Another is "Anrakushi Seido Wo Kangaeru Kai" (Consideration for the Euthanasia System), a political group which aims to promote discussion in the Diet around the potential benefits to a liberalized, or even legalized, approach to euthanasia.
The euthanasia party is built on the principle that everyone, including people who are near the end of their life or suffering from illness, should have the right to die, according to its official website.
Leader Hidemitsu Sano, who also led the political group "Shiji Seito Nashi" (No Party to Support) in the previous upper house election, was unable to secure any seats in 2016 despite receiving more than 640,000 votes.
After rebranding his party to "Anrakushi Seido Wo Kangaeru Kai," Sano will run 10 candidates in Sunday's election, in which there are 124 seats up for grabs.
"The situation is totally different from the previous upper house election. People come to us and appreciate the (euthanasia) policy when we campaign on the streets," said a spokesperson for the party.
While many Japanese are not interested in using their vote to influence the future of their country, there is a whole other segment of the population who wish they could.
Disenfranchised foreign residents, many of whom are so-called "lifers" who were born in or came to Japan and plan to stay long-term, do pay attention to developments that may impact their life and the country they have chosen to live in.
One such person is Ha Kyung Hee, an assistant professor in race and ethnicity and immigration at Meiji University in Tokyo.
Ha is an ethnic "zainichi" Korean who has no right to vote in the country of her birth, something that, as a very politically engaged person, frustrates her no end.
"As a third-generation postcolonial Korean resident of Japan, election season is a painful moment as it reminds me that we are still excluded from one of the most basic civil rights," she said.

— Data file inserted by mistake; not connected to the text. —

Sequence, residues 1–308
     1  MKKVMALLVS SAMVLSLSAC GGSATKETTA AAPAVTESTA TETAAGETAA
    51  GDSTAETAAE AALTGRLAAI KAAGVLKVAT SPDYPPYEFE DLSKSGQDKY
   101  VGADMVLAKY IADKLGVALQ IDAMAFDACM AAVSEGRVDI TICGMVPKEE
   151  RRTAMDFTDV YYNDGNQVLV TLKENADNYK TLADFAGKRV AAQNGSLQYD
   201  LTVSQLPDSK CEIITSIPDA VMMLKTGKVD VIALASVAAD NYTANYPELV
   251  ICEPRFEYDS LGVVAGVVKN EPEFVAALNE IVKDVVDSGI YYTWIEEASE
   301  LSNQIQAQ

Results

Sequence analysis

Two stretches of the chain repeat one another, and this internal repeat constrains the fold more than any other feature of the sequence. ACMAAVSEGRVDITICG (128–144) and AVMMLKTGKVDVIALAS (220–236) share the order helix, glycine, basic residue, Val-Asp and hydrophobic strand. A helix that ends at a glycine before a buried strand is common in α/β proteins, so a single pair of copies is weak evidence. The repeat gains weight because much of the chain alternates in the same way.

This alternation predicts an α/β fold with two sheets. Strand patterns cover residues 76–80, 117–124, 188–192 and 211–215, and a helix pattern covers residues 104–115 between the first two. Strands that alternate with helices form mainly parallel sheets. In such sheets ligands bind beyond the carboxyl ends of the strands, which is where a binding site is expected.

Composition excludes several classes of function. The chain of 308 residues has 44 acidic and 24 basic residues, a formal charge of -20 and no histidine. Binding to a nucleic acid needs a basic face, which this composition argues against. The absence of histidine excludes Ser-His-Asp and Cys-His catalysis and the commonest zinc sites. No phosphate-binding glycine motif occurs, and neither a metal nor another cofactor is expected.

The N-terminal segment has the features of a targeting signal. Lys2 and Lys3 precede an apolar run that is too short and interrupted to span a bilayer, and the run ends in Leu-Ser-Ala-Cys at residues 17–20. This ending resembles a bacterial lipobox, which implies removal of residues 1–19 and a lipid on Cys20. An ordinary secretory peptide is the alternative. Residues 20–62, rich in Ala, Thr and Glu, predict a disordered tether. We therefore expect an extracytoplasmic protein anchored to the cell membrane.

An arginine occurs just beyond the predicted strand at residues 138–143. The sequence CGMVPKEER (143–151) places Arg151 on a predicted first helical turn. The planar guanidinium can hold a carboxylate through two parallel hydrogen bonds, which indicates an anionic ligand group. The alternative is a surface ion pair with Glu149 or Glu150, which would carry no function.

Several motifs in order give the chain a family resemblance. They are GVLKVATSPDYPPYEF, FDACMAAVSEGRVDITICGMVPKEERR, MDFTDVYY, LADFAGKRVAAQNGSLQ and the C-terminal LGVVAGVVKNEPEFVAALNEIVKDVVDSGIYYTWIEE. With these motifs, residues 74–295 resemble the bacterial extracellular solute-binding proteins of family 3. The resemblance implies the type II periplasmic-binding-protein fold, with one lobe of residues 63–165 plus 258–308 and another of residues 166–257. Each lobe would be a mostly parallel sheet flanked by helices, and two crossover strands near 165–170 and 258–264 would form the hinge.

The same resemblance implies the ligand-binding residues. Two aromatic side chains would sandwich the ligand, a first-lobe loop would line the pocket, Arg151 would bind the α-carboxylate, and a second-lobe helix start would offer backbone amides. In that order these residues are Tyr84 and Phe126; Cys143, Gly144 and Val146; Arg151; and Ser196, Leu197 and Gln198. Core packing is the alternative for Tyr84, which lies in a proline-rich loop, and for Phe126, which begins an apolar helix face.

"My family has been in Japan for 90 years, my first language is Japanese, and I want to call Japan my home. And yet, I hesitate because we are not treated with equality and fairness as full members of society."
Ha points to countries like Ireland, Denmark and South Korea where non-citizens can participate in local elections as a model that Japan should consider because she says "we are also part of this society, make us believe we are."
Percival Constantine, 35, an American who has lived in Japan for around 11 years, agrees that permanent residents and foreigners who have stayed in the country for at least five consecutive years should be eligible to vote.
"Foreign residents pay taxes in Japan, we work in Japan and contribute to the Japanese economy, and the actions of Japanese politicians have just as much of an impact on us as they do on the average Japanese citizen. In some cases, even more of an impact when it comes to matters like immigration policy," the Kagoshima-based novelist and university lecturer said.
For others, practical matters are of more concern during elections.
"Work, family and friends are my priorities...So naturally, the 'free childcare' for 3 to 5-year-olds ticks a box with me," said an English teacher from Ireland, who asked not to be named, in reference to an LDP leaflet.
A resident of Japan for around 11 years, she now lives in Kumamoto Prefecture with her Japanese husband and two kids.
With the sustainability of the public pension system a hot topic ahead of Sunday's election, she added, "Thinking ahead, what care facilities does Japan have for foreigners? I'd be very interested to know how many or if there are any currently in residential care or daycare centers."